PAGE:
Direcory Features Made in Oklahoma Food, Farm Goods

By Morrow, Darrell | THE JOURNAL RECORD, June 8, 1991 | Go to article overview

Direcory Features Made in Oklahoma Food, Farm Goods


Morrow, Darrell, THE JOURNAL RECORD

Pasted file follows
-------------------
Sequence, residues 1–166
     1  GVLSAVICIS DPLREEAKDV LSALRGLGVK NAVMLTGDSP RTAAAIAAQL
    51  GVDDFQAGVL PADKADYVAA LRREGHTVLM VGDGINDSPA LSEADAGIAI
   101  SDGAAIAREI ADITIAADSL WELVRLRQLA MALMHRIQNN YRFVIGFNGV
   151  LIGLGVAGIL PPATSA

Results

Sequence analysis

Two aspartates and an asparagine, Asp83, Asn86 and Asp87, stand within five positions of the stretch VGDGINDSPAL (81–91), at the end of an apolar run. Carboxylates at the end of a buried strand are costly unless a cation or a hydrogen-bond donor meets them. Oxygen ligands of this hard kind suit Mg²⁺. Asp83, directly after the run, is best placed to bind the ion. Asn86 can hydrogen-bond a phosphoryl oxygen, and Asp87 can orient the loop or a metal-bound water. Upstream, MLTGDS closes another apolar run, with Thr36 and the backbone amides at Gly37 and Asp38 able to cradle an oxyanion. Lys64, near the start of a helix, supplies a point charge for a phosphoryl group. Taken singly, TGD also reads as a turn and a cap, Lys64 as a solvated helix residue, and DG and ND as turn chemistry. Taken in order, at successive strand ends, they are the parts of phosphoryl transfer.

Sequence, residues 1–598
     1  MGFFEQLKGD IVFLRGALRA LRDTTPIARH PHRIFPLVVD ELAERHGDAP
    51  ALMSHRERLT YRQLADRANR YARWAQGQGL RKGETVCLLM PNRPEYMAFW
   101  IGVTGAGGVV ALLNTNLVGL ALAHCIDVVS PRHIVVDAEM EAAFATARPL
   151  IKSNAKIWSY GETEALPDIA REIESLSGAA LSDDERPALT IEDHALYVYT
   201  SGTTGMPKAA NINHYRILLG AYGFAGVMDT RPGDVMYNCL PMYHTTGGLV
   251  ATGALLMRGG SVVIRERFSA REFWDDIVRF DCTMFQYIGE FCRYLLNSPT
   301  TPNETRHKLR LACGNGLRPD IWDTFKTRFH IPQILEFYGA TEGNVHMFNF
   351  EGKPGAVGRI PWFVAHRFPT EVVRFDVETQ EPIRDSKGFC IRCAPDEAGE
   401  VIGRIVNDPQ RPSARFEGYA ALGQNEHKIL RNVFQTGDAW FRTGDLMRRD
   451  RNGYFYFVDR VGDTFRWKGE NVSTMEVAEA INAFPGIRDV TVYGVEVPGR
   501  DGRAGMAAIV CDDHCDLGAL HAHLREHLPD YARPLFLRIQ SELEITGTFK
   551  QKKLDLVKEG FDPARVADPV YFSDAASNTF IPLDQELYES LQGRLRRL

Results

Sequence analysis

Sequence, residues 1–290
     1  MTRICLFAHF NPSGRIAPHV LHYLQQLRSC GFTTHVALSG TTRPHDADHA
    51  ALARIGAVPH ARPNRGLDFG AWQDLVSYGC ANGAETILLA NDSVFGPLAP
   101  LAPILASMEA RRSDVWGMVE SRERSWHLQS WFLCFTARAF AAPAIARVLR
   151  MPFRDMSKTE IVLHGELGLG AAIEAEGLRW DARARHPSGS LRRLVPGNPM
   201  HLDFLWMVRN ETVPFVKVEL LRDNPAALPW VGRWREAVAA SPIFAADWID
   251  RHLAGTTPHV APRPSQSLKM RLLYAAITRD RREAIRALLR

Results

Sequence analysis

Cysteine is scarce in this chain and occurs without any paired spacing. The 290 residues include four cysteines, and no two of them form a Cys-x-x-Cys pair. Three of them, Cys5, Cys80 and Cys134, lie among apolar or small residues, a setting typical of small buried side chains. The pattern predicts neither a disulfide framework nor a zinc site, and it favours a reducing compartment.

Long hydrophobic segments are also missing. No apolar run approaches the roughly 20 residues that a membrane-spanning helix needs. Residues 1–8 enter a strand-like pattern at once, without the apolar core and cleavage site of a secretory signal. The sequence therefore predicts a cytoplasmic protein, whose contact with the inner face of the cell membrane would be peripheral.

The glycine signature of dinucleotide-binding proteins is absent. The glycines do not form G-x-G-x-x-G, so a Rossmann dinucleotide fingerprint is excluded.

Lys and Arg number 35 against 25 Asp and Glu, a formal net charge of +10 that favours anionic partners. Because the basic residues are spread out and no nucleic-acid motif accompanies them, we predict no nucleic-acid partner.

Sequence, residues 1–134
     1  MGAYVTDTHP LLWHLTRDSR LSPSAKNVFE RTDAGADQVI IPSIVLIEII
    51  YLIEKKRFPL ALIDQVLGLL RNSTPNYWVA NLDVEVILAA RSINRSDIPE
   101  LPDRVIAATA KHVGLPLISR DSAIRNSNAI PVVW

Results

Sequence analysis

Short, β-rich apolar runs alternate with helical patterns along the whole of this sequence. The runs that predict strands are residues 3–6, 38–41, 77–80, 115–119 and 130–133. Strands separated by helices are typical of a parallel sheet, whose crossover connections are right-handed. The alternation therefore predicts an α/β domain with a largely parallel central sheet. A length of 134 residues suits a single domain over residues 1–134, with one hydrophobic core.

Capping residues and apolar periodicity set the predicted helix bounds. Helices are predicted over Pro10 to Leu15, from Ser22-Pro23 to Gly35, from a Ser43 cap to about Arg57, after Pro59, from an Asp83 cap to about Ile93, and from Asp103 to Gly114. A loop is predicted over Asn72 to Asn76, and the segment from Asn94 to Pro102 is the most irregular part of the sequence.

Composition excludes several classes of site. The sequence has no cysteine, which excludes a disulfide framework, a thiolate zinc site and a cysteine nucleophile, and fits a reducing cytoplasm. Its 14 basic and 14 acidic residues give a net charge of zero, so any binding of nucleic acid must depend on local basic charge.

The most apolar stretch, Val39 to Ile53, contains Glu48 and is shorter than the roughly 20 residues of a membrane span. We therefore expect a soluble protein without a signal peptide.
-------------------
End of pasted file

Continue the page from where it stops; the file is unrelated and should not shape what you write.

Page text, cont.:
By Darrell Morrow Feature Editor In case you suddenly have a voracious craving for some pickled quail eggs and a fresh hunk of goat cheese but have no idea how to satisfy it, don't despair. The pickled quail eggs are available from B&D Game Farm just a short distance away in Harrah, and the goat cheese is available from Idle Knot Farm Dairy of Ripley _ both right here in Oklahoma. Then, if those quail eggs and the goat cheese leave you with a thirst, you'll probably want to wash them down with a glass of wine from Dwayne Pool's Cimarron Cellars Winery at Caney. All three are "Made in Oklahoma" products grown and processed in Oklahoma, and they're in the book "Oklahoma Food and Agricultural Product Directory." It is a 60-page directory of fresh, raw and processed products available for retail, wholesale and export published by the Oklahoma Department of Agriculture. Or, have you ever found the saliva flowing just thinking about throwing a wild boar steak on the grill? That wild boar meat also is available from southeast Oklahoma. There may not be a large craving for some of these specialty products in Oklahoma, but some of them command big prices in gourmet stores and when exported to foreign countries. "A fellow in southeast Oklahoma is going to ship about 20,000 pounds of wild boar meat a month to Taiwan. He's rounding up the wild hogs _ they're kind of razorbacks _ and then they have a USDA packing plant," said Anna Belle Wiedemann, director of the Market Development Division of the Oklahoma Department of Agriculture. "Then we have one that is shipping ostrich meat and alligator meat. Tony Lama (Tony Lama Co. Inc., a boot manufacturer) alone buys 60,000 ostrich hides a year. Just think of that market," she said. New products are being created and marketed so rapidly that an updated version of the product directory, which has been out only about eight months, is planned for publication in about three months, Wiedemann said. Newest in the line of agricultural product guides is an Oklahoma Department of Agriculture Export Directory, of which 2,000 copies just came from the printers last week. It is designed for distribution at export trade shows, Wiedemann said. It lists 216 Oklahoma companies which offer their agriculture-related products for export sale. It updates a previous export directory several years old that contained "only a handful of companies that exported Oklahoma products," she said. "We didn't have as many companies interested in doing export business when the old one was printed. It is just now getting to where the companies sense export is a way of life _ if you are going to expand, you're going to have to get overseas," she said. The export book also lists commercial storage facilities for handling export goods, Oklahoma banks capable of handling export financing, international freight handlers, international health services for clearing goods for shipment, international trade associations, agencies offering international trade assistance, and international trading companies in Oklahoma. The export products range from raw grains to the exotic processed products such as "High Dollar Chips," a chocolate-covered potato chip produced by Bedre Nut Co. of Ada _ not found in your average grocery store. The foreign representatives of the Oklahoma Department of Commerce cooperate with the Agriculture Department in promotion of products but place more emphasis on industrial products promotion, she said. "Agriculture is not as sex appealing, you might say, as big industry. Agriculture is big industry, but most people don't consider it that way. It's not got the fluff that other areas have. "It is very interesting. It is very rewarding and it really is the backbone of Oklahoma," she said. …

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